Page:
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Any landed mission could benefit from having an orbiting radio relay satellite to help enhance its data rate to Earth. For polar landers on for example the Moon or Mercury it would be a necessity. For a lander on a distant object such as Europa, Uranus or a comet it would be especially helpful, easing the mass, electric power consumption and complexity of the lander somewhat.

What is required to complement such a radio relay orbiter so that it can second also as a powerful radar to study the object it is orbiting? Would the communication frequency be useful also as a science radar, for surface reflection or ground penetration? What are the synergies and problems with combining high data rate interplanetary radio communication with a capable multi frequency science radar? Could every orbiter with a radio dish be used as a science radar instrument too?

EDIT: Oops, I happened to log myself in with an old little used user name. I'm actually LocalFluff.

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Cassini did this. Its high-gain antenna was used for both communications and radar.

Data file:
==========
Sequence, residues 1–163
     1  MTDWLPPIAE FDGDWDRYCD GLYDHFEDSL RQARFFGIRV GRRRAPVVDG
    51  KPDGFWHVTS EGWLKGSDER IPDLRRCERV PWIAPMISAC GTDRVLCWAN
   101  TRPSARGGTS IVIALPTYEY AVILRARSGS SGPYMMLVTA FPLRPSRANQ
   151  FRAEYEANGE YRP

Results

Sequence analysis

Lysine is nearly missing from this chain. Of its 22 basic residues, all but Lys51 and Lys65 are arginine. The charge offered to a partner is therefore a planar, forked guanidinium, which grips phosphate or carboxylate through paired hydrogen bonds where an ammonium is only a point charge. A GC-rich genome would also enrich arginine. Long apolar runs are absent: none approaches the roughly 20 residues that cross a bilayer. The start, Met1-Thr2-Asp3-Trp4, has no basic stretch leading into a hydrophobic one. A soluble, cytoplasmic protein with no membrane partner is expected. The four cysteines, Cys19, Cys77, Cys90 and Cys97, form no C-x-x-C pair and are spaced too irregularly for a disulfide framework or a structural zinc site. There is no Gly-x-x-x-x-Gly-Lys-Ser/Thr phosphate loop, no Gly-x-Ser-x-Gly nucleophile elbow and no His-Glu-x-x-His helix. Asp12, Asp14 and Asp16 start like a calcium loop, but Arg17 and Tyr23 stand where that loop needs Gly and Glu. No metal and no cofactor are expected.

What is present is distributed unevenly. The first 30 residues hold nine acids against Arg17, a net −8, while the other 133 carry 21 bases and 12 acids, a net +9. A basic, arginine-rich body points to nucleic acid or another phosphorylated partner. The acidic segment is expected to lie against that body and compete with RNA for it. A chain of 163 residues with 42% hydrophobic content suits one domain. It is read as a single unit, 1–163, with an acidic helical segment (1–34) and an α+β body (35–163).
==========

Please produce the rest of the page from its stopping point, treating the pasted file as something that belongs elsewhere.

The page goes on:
Some tradeoffs:

  1. time: if you want to use the same dish antenna for communications and radar, you need to divide the dish's use between both. Most interplanetary missions store their data and send it at intervals anyway (with 8 hours/day scheduled for communications), so this is not a major problem.

  2. time: radar science requires the dish to be pointed at the planet, this could interfere with pointing other instruments. I'm thinking of New Horizons, which had its dish at a 90º angle to most of the instruments.

  3. weight: a radar needs a powerful transmitter (more so than communications to Earth), which uses some of your power, weight, and space budgets.

What is required to add a radar option: you need a radar transmitter in addition to the radio transmitter (and ditto for the receivers), and a way to connect them to the dish in turn. With modern electronics you may be able to run one transmitter for both tasks.

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